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CIA Couldn’t Use NSA’s Surveillance Program as Analysts Didn’t Know it Existed



/ 2 years ago

PSP

A 2009 CIA document – released courtesy of a victorious Freedom of Information lawsuit filed against the US Department of Justice and published by The New York Times – has revealed the US external intelligence service did not use the NSA’s controversial STELLAR WIND surveillance program, which allowed the government warrantless access to private data that it collected en masse, as CIA analysts were not even aware that it existed.

Dated June 2009, the document from the CIA Inspector General (IG), the intelligence service’s internal watchdog, though heavily redacted, claims that the President’s Surveillance Program (PSP, aka “The Program”) was so secretive that only top-level officials had access to it, leaving “CIA analysts and targeting officers” in the dark.

According to the CIA IG report, three “sets of data” were collected under PSP:

The first set included the content of individually targeted telephone and e-mail communications. The second set consisted of telephone dialing information—the date, time, and duration of calls; the telephone number of the caller; and the number receiving the call—collected in bulk [REDACTED]. The third data set consisted of e-mail transactional data [REDACTED] collected in bulk [REDACTED].

The reports goes on to outline exactly why the CIA did not use data from PSP – because most were unaware it was there, and the few who did had no training as to how to access and use it:

Several factors hindered the CIA in making full use of the capabilities of the PSP. Many CIA officers told us that too few CIA personnel at the working level were read into the PSP. [REDACTED] officials told us that CIA and targeting officers who were read in had too many competing priorities and too many other available information sources and analytic tools—many of which were more easily accessed and timely—to fully utilize the PSP. CIA officers also told us that the PSP would have been more fully utilized if and targeting officers had obtained a better understanding of the program’s capabilities. Many CIA officers noted that there was insufficient training and legal guidance concerning the program’s capabilities and the use of PSP-derived information. The factors that hindered the CIA in making full use of the PSP might have been mitigated if the CIA had designated an individual at an appropriate level of managerial authority, who possessed knowledge of both the PSP and CIA counterterrorism activities, to be responsible and accountable for overseeing CIA participation in the program.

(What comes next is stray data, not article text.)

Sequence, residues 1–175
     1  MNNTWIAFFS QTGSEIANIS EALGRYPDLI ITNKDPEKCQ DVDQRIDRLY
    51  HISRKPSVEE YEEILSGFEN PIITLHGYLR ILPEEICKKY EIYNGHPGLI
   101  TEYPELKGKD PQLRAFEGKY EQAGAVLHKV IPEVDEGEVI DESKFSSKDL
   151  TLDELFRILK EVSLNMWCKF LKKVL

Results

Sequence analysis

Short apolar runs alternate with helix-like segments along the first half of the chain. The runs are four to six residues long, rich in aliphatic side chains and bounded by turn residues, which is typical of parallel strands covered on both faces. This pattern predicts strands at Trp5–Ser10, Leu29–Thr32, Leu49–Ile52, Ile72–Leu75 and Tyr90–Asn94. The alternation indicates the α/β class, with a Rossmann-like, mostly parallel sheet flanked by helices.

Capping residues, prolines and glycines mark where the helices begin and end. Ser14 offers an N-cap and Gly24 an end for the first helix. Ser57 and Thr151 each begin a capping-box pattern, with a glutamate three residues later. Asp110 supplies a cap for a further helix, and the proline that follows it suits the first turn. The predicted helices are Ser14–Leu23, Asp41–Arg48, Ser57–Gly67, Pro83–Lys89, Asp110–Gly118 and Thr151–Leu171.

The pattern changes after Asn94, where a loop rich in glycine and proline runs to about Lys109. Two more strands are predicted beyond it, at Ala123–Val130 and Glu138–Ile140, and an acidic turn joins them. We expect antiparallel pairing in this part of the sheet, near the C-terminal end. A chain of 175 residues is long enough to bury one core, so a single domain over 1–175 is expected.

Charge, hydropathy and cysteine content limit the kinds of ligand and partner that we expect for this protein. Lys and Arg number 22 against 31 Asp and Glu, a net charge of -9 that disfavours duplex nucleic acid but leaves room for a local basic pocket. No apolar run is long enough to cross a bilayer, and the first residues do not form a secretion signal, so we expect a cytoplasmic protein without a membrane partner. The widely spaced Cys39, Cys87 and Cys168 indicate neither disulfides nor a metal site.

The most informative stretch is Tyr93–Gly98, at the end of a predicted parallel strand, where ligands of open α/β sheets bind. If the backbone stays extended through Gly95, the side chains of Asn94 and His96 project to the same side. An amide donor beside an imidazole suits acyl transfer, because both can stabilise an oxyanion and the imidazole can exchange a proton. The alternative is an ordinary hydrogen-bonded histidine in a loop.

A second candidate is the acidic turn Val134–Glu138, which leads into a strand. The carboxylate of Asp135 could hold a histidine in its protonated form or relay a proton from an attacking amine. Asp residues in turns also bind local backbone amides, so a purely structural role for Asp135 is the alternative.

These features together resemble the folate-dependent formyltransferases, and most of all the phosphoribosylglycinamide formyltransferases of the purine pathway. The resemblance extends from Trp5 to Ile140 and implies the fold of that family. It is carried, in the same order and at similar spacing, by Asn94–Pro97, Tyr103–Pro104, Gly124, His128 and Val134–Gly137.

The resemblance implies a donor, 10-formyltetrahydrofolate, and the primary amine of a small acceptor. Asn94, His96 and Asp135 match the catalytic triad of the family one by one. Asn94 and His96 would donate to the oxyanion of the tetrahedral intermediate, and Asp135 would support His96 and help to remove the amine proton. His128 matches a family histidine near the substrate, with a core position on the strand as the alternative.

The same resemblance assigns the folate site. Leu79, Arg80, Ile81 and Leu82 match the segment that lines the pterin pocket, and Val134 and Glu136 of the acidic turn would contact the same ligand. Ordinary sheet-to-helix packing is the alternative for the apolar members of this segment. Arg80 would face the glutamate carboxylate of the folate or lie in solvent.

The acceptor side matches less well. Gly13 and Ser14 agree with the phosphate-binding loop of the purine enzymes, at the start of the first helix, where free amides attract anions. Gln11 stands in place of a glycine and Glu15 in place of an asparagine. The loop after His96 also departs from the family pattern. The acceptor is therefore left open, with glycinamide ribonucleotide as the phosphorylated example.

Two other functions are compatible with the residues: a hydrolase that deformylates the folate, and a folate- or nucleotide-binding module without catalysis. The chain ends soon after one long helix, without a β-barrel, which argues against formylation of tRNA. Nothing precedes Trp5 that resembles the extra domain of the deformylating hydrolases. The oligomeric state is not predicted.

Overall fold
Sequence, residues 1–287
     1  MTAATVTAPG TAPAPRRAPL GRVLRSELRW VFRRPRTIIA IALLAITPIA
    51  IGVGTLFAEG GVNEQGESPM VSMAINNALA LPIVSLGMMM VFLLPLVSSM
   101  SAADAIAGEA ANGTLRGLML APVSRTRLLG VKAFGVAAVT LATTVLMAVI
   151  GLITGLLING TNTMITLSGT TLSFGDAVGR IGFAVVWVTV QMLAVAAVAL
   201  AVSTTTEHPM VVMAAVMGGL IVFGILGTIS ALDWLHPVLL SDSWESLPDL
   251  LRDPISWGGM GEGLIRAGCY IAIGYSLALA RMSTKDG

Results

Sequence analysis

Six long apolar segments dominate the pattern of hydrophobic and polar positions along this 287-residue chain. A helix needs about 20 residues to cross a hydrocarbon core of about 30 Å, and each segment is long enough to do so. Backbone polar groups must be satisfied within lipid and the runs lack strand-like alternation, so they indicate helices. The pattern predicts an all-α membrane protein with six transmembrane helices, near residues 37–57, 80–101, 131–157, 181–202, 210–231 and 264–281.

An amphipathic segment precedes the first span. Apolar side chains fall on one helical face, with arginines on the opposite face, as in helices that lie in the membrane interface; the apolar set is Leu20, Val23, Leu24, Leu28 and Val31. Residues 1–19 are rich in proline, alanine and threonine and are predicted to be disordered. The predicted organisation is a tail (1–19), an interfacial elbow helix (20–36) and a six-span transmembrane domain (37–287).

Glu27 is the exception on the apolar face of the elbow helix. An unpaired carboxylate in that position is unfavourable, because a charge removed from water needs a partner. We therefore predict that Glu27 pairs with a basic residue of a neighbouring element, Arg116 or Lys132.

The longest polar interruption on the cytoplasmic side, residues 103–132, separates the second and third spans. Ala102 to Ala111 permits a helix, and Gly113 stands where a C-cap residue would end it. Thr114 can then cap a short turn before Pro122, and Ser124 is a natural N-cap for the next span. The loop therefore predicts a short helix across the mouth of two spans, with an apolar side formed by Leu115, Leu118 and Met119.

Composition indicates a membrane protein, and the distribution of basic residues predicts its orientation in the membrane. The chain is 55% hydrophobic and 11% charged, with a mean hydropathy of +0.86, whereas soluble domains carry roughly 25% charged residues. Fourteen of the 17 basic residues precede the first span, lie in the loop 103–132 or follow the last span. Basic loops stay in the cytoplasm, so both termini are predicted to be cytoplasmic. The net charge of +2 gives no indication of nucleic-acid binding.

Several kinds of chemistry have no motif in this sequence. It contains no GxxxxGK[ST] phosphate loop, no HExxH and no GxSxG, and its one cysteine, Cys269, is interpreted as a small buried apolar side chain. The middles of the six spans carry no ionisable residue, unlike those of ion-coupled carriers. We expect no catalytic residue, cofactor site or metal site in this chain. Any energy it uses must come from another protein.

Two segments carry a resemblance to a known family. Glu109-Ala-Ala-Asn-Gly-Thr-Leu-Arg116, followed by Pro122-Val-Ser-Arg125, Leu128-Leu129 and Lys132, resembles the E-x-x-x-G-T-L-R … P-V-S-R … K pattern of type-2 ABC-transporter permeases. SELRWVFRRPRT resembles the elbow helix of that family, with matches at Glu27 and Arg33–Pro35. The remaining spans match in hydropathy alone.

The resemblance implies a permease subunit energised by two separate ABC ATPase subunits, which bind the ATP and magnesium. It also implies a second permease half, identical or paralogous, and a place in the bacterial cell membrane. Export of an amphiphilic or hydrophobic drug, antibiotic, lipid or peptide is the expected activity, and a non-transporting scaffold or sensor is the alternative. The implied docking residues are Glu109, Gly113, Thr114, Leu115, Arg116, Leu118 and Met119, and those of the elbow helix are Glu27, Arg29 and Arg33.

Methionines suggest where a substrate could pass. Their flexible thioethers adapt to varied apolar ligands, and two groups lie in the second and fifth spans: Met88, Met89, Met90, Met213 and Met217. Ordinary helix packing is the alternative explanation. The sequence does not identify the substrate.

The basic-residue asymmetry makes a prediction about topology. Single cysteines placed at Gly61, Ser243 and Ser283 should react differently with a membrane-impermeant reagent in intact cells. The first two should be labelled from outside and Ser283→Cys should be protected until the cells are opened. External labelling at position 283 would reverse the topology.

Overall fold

The CIA did not implement procedures to assess the usefulness of the product of the PSP and did not routinely document whether particular PSP reporting had contributed to successful counterterrorism operations.

So, the CIA was reprieved from being sullied by reprehensibly unethical breaches of others privacy through sheer ignorance. That’s something, I suppose.

Thank you Ars Technica for providing us with this information.


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